Story Rating: 3.75 stars
Audio Rating: 3.5 stars
Narrator: Michael Lesley
Length: 9 hours, 46 minutes
Cassidy’s beloved grandmother, Sadie, died four years ago, but after a lengthy court battle initiated by his father to contest her will, he is just returning to the beach house she left him. Cassidy spent his summers on the island and it was the only time of year he looked forward to. His relationship with his parents was strained and Sadie made him a home. Having Nate to hang out with each summer was also a bonus and the guys were not only best friends, but first loves. Cassidy’s plan is to return quietly and have a memorial service for Sadie, but those plans are upended quickly.
First there is Neil, the gorgeous man that Cassidy brings home from the beach. Then there is the hurt, stray dog that sends Cassidy to the animal hospital and his return then becomes town news. This brings Nate to his door. But Neil isn’t leaving so quietly and Nate and Cassidy have years of unfinished business to get to. Cassidy’s best friends and exes, Ollie and Spencer, arrive for a visit just as Cassidy’s most recent ex, Teddy, shows up intent on winning Cassidy back. Cassidy certainly has his hands and his house full.
In the midst of all this, Cassidy has to figure out how to best honor Sadie’s memory, which sends him down a path of nostalgia and memories where all roads will continually lead to Nate.
This book opens on a somber note of Cassidy returning to Sadie’s home, which has been in the family for generations. While locked in a legal battle with his father over Sadie’s care, and then her will, Cassidy feels like he let Sadie down in her final days and subsequently the people of Piper’s Point. It’s just Cassidy’s luck too that he can shake off some of the sadness when a surfer appears right out of the ocean on his private beach.
This is because Cassidy is irresistible to every man that sees him. He never has had to chase a man ever, and when he ends the relationship they all want him back, each and every one, each and every time, which is how he finds himself in his current predicament. This story is about confronting the past, making peace, and moving forward. It is also the story of first loves.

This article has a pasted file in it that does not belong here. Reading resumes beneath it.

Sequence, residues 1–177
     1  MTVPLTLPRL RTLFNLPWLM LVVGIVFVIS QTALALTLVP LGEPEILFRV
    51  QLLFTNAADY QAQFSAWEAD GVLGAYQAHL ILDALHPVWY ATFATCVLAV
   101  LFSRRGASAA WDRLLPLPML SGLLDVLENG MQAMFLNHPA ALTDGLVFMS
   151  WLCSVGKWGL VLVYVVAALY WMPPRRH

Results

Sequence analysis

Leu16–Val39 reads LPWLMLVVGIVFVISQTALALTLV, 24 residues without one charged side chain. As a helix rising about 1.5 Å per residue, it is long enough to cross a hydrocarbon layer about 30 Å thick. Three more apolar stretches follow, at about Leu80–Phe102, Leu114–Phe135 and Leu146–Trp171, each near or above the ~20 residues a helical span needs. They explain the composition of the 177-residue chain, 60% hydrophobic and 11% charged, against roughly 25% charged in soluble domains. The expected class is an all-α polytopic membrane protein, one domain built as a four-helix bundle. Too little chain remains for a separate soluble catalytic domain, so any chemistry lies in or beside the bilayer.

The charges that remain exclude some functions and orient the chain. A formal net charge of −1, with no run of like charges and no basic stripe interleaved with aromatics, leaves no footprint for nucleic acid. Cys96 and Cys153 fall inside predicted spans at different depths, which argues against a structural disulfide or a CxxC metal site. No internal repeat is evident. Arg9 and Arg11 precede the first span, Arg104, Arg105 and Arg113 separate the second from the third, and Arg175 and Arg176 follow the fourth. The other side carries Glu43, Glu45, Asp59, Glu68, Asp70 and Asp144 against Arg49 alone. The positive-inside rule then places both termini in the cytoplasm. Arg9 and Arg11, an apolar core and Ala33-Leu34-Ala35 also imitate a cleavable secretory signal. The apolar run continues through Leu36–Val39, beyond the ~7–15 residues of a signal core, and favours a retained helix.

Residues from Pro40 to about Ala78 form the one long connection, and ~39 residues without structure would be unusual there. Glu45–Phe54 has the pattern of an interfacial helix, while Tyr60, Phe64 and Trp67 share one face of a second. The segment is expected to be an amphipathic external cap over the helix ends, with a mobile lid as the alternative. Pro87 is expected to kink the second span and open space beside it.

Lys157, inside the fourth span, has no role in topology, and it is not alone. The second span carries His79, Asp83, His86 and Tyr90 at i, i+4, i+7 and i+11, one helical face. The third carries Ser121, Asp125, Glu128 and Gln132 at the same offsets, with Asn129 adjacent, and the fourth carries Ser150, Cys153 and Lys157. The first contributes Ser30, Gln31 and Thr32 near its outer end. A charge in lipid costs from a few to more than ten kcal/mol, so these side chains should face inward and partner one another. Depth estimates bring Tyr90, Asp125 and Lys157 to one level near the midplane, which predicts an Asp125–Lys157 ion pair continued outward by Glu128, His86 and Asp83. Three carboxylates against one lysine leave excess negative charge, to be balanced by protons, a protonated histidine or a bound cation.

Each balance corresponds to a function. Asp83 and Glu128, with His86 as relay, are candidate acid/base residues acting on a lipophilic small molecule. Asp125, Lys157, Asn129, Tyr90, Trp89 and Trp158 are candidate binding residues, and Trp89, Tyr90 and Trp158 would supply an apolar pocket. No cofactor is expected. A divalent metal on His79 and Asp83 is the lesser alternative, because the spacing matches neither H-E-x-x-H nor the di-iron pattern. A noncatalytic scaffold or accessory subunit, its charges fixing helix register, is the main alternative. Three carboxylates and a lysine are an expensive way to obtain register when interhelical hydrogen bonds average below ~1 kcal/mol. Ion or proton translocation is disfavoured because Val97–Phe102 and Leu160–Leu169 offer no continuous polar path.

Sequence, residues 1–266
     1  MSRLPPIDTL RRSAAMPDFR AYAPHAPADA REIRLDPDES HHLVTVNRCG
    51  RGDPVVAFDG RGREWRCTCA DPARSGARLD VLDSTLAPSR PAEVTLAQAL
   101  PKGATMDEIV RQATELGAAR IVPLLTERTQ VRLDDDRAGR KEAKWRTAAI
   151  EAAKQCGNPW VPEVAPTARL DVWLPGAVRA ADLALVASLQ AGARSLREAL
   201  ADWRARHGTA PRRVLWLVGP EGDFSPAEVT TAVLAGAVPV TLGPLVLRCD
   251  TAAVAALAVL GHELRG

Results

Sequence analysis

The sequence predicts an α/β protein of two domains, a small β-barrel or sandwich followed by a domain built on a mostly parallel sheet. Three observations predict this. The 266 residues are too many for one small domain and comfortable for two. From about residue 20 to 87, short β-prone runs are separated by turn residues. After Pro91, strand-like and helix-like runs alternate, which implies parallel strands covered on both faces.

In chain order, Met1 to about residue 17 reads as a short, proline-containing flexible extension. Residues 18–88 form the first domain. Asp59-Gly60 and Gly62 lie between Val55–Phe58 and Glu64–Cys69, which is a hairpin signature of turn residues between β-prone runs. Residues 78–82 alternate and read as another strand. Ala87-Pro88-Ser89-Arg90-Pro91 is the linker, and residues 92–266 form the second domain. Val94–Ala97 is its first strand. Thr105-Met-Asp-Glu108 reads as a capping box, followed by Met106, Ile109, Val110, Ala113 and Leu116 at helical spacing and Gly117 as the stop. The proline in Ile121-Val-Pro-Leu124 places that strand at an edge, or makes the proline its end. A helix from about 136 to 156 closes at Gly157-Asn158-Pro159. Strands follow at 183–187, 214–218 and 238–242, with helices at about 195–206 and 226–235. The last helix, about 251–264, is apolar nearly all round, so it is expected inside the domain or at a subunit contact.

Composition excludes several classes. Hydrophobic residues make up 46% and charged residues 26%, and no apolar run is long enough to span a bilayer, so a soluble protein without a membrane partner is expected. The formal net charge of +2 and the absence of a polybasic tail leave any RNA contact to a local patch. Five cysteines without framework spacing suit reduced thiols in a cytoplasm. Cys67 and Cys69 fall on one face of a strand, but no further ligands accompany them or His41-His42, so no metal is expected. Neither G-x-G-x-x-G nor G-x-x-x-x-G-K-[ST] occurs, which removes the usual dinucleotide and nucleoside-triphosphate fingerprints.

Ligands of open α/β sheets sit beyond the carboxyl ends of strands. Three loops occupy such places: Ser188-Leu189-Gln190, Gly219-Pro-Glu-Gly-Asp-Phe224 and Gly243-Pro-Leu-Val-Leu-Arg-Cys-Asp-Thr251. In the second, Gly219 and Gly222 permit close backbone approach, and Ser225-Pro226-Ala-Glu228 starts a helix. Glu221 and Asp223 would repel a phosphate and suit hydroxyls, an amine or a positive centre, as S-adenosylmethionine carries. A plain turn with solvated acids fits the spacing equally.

I was given the impression from the blurb and from this book having been published years ago that it was lighter and more comedic. While there were pages and pages and still more pages of antics, the humorous note passed me by for the most part. There were a cast of secondary characters, which were probably designed to offer comic relief, but for me they illustrated Cassidy’s issues with commitment. Also, Ollie and Spencer were supposed to be his best friends, but they were also his exes and they mostly came off as just waiting for Cassidy to get what they thought was due him in the form of a payback.
The story was also about Cassidy connecting again with Nate. For this being a focal point of the story, these guys barely spend any quality time together and they are constantly interrupted. Cassidy had time to talk to every other guy in the line-up but couldn’t find the time to talk to Nate and, when they had the opportunity well into the book, Nate shuts him down and runs. Cassidy and Nate hadn’t seen each other since they were teenagers and while their attraction was still present, there was barely any time of them together to see if they fit as adults. Instead, there was time devoted to childhood flashbacks, the townspeople, and then a retelling of a decades old love story. While the book was well written, the overall style of this story wasn’t what I had been expecting and wasn’t the best fit for me.
I have listened to several of Michael Lesley’s narrations and have been impressed by them. His interpretation here wasn’t my favorite selection. A good portion of the beginning is told in a somber and dramatic fashion. Lesley’s inflection is very precise and his diction for the narrative and inner dialogue portions were very slow and drawn out. In conversation, all of the characters did have different voices and Cassidy’s voice did pick up in conversation. The tone of the friends’ voices may also have then been what colored their personalities. There were southern women that all had large personalities and they all had a yelling quality to their voices and then the narrator offered a sort of baby-talk for the dog’s voice and as far as personal preference, the audio performance here wasn’t a good fit for me either. But, the overall quality of the presentation was high.
At Piper’s Point didn’t meet my expectations, but for an ensemble cast and a nostalgic story it may just meet yours.